Thresholds of Humanness

A Review of “The Ghost in the Shell” Manga

Will Szal

--

Somewhere around the age of fourteen, I saw The Matrix for the first time. I grew up in a household informed by the spiritual teachings of Gurdjieff and J. G. Bennett, so the core themes around consciousness and awakening were both familiar and intriguing.

A few years later my cousin-in-law was getting rid of some of his old anime VHS tapes, and I learned about The Ghost in the Shell—one of the primary influences for The Matrix. During this era I saw the anime film. Only this year did my friend lend me her copy of the original manga.

A Future Receding

The first thing that I’m struck by in reading The Ghost in the Shell in 2020, more than thirty years after it was written, it feels as the the biotech future it describes in the year 2029 is further away than it was in 1989 (maybe this can be said of science fiction in general). Sure, knee replacements work pretty well these days, as do dental implants. And massive amounts of funding are poured into biotech research each year (but more for the sake of solid Return-on-Investment for pharmaceutical intellectual property than for the sake of pushing the envelope in the medical field). And there’s certainly a dedicated biohacker subculture. Maybe we’re a century away from cyborgs, but not a decade.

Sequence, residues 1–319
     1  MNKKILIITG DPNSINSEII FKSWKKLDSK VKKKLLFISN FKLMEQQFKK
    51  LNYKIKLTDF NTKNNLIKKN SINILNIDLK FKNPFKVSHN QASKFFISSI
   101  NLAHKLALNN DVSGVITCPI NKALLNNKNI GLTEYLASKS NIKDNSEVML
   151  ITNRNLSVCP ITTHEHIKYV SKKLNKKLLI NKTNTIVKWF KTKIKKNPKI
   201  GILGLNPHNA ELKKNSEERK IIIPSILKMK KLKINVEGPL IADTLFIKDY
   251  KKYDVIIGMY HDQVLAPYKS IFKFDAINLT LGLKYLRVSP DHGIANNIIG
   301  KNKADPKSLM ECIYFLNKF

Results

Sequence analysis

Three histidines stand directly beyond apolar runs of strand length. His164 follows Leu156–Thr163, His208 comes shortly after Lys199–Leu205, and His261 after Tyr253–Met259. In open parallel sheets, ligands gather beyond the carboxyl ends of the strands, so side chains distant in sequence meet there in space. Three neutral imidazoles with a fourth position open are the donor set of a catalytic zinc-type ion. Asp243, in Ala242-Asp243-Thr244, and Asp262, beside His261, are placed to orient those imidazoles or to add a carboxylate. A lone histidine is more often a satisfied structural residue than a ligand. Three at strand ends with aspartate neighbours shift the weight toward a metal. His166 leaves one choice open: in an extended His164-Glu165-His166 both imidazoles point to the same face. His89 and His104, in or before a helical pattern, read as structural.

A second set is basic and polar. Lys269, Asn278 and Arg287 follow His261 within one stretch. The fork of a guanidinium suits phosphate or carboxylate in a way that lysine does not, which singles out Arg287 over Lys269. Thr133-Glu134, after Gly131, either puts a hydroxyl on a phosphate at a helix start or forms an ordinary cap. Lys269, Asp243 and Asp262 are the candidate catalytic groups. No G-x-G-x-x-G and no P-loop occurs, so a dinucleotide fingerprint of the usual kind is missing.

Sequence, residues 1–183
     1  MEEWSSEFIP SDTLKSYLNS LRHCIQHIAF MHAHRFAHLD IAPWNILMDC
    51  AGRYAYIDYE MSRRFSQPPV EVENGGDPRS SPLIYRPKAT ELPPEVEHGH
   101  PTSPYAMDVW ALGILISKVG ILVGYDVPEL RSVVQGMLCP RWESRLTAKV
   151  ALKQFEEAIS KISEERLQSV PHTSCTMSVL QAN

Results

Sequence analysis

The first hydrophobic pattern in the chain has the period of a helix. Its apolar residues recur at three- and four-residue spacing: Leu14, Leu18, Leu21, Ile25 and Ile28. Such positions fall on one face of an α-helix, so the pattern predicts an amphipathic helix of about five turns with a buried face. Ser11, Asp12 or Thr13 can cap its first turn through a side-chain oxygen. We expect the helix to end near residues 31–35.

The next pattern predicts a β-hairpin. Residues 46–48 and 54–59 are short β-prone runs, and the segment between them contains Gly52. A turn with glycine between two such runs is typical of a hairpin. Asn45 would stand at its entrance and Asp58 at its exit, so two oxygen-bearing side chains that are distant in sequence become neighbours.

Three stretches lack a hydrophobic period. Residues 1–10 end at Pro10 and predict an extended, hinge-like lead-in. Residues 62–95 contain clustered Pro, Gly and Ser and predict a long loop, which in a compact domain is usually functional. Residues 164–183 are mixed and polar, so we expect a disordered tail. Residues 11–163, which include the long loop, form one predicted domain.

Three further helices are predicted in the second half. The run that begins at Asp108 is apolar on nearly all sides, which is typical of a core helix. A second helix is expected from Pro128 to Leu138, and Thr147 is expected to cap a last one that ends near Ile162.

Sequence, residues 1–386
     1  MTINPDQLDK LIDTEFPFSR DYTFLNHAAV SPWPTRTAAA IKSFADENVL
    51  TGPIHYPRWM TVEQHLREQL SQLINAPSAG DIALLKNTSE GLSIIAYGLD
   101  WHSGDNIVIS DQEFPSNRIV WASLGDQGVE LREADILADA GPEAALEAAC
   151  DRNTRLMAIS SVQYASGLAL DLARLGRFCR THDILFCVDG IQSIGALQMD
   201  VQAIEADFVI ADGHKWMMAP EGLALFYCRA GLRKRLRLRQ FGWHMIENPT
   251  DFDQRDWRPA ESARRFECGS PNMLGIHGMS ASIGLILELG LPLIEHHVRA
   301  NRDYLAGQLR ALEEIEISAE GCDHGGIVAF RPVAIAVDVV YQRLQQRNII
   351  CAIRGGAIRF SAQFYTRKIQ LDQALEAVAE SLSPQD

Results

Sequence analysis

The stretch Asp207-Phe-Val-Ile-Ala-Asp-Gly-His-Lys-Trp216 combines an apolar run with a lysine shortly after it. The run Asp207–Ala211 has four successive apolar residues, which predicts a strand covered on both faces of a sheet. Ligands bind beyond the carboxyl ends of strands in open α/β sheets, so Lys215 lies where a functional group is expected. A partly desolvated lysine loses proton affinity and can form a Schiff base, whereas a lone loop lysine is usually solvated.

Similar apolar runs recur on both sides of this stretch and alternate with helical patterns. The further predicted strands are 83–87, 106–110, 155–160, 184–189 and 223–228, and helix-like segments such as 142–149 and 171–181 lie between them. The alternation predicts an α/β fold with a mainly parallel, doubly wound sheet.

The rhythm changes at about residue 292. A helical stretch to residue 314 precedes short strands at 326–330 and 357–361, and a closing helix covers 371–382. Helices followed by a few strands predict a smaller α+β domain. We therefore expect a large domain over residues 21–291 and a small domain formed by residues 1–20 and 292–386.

Science Fiction versus Social Fiction

As I’ve commented before, I find it discouraging that so much of our fiction invests so much effort into exploring the technological potential of the future—in a way that implicitly assumes that social realities will calcify rather than evolve. Back when The Ghost in the Shell was authored we might have written off the sexism of young, mostly-naked female cyborgs surrounded by fully-clothed ugly old men holding all the power to be the daydreams of an adolescent manga artist (Masamune Shirow was still in his twenties when The Ghost in the Shell came out). But in the era of #MeToo, we can no longer be so dismissive. Female cyborgs like the Major, with large breasts constantly on display, are the image of some adolescent male fantasies, while male cyborgs are black cubes. What does this say about Masamune Shirow’s subconscious understanding of the importance of the physical and…

--

--

Will Szal

Regenerative agriculture, alternative economics, gift culture, friendship.